To take it one step further, we’ve listed the steps involved in this method!
PROPAGATION THROUGH STEM CUTTINGS
- You’ll want to prepare a pot with freshly laid soil before making any incisions.
- Look over your plant and find a section that has had consistently healthy growth. There should also be at least two leaves located on the farthest end of the branch.
- Using your clean, sharp scissors to cut it 6 inches below the tip of the plant.
- Remove any leaves aside from two closest to the branch’s tip.
- Use the scissors again to make three-inch incisions on the bottom half of the branch so that it can properly grow.
- Place the newly cut individuals into a pot with three inches being exposed. At this point, you will want to give your plant a thorough watering.
- Add a plastic bag to the top of the plant to increase humidity and put in a shady spot. Check back every few weeks and transfer to a larger pot when roots develop.
FIRECRACKING PRUNING ESSENTIALS
Shrubs, such as the Firecracker Fern plant should not go too long without being cared for. If you don’t take the time to prune your individual, you’ll end up with a plant that takes over the house very quickly.
They are known for spreading out by about a foot or two. Not only do you want to prune your plants due to the overall aesthetic, but it has a bigger reason.
Flora that doesn’t get routinely cared for tend to die back. The flowers and stems start to die off when not pruned routinely. So, how does one go about doing this in a safe manner?
Plants that are given ample water and fertilizer will need to cut back more frequently. You should be careful about which time of the year that you decide to do this.
We recommend opting for late winter as the plant is generally going through a state of dormancy. This is where you can tackle any stems that have been lacking in overall well being and rigidity. You can do this every winter season for the best results.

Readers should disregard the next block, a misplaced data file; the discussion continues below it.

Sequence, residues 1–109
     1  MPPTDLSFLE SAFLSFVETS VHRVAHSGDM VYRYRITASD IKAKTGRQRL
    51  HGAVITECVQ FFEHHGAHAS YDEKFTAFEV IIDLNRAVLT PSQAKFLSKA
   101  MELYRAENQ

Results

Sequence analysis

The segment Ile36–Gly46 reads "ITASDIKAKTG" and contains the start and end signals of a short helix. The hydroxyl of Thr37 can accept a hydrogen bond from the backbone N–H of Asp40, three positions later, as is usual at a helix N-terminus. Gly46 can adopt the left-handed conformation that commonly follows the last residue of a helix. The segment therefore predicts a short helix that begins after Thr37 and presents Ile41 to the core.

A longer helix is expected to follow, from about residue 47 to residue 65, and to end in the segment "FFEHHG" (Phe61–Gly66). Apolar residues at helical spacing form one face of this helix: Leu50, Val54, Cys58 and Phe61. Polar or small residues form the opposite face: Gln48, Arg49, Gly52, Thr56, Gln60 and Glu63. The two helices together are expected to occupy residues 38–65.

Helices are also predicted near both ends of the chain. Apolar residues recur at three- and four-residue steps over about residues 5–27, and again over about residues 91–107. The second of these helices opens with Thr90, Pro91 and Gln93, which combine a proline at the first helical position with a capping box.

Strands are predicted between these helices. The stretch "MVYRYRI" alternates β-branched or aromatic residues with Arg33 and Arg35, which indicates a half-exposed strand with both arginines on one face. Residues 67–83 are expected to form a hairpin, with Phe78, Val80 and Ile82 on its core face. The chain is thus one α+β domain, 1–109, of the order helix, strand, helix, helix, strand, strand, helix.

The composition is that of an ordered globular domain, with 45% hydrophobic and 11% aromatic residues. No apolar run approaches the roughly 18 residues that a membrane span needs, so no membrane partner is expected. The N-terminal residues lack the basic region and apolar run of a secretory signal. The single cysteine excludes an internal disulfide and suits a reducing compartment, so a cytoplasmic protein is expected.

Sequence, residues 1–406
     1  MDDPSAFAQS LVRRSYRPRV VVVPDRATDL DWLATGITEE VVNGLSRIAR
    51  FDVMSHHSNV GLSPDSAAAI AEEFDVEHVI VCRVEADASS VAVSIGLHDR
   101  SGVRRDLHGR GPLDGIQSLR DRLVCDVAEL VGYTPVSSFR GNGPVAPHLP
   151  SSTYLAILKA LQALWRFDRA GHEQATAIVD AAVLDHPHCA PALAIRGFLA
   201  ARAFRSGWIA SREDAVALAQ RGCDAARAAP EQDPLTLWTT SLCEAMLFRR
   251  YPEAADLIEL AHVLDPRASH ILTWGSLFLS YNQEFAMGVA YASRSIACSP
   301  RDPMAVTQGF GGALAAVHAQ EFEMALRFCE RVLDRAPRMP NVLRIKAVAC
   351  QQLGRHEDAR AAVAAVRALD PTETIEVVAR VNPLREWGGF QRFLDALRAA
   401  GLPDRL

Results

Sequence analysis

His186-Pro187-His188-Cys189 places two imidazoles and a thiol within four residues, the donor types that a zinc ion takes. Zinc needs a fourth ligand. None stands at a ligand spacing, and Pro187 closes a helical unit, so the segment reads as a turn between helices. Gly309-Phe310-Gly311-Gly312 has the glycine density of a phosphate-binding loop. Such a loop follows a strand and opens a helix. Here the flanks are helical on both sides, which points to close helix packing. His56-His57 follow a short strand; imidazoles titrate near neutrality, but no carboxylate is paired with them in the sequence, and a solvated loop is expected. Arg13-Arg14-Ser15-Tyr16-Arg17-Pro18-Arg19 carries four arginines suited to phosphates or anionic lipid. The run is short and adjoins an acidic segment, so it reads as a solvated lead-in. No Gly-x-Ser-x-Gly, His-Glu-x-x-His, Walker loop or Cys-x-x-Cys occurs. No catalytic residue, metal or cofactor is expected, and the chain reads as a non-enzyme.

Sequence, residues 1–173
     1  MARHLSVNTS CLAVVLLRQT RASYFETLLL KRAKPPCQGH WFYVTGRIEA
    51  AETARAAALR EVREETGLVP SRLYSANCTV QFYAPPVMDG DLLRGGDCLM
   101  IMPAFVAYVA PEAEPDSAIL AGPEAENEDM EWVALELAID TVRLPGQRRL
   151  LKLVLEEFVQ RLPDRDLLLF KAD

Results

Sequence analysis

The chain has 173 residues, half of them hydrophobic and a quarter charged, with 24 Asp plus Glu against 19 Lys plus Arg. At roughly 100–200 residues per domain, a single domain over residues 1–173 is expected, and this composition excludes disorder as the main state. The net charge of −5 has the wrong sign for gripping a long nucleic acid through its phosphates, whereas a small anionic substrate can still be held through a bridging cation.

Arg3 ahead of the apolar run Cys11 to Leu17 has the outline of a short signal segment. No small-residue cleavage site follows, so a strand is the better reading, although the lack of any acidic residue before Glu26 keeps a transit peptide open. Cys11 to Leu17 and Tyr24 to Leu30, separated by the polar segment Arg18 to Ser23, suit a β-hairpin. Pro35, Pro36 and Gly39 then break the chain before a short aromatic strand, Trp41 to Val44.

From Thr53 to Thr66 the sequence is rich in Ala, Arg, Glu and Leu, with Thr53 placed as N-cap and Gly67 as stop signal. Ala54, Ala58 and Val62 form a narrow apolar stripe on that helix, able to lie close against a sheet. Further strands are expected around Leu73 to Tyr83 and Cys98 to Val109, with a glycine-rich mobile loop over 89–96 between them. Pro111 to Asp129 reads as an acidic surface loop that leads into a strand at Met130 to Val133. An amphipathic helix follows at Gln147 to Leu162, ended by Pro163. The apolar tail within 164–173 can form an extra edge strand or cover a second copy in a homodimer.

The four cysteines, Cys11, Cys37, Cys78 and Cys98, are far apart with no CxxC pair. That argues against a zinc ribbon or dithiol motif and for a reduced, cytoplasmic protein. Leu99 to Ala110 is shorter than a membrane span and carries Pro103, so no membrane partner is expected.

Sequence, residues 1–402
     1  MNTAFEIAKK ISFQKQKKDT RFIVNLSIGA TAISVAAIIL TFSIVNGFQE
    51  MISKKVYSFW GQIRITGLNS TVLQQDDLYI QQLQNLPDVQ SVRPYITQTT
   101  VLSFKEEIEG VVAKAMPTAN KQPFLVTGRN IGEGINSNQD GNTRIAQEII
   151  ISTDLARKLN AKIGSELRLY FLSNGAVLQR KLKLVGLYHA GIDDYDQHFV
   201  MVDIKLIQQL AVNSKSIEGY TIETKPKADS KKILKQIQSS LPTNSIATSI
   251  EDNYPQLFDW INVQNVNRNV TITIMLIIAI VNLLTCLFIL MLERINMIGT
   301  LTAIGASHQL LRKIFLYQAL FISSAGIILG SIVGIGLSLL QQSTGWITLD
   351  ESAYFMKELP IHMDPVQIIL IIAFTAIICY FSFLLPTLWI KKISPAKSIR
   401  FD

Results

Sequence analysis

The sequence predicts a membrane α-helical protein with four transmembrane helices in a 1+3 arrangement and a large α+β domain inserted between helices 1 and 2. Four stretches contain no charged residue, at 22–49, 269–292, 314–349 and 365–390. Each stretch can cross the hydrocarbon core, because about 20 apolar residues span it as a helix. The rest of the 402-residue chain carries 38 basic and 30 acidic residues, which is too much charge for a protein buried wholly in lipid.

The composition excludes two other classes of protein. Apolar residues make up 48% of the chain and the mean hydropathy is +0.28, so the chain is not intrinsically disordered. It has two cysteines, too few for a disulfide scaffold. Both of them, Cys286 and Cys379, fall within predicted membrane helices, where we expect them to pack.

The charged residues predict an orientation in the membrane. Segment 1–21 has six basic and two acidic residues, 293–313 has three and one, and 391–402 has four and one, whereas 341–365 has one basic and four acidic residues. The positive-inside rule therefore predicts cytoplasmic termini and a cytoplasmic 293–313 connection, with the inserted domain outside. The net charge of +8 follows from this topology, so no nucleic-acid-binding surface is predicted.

Another noteworthy aspect to consider is something that is known as “rejuvenation pruning”.
This action is more than just a simple trim here and there. It involves the removal of any limbs or branches that need to be removed entirely. You can also complete a hard pruning where you take back the plant to a height of six to twelve inches.
FIRECRACKER PLANT PROBLEMS
Every plant owner understands that there are a number of problems that can happen along the way. This may sound daunting, but it’s not all that tricky if you know what to look for! We’ve compiled a few of the most common problems as well as solutions to each!
PROBLEM #1: BROWNING LEAVES
The discoloration of leaves usually indicates that your Firecracker Fern has too much water. It can also mean that your plant doesn’t have proper drainage.
Before adjusting your watering schedule, make sure that the pot or container that houses your flora contains at least a few drainage holes.
PROBLEM #2: NO BLOOMS
Usually, a plant that doesn’t produce flowers is experiencing a multitude of problems dealing with fertilization, light, and water needs being met.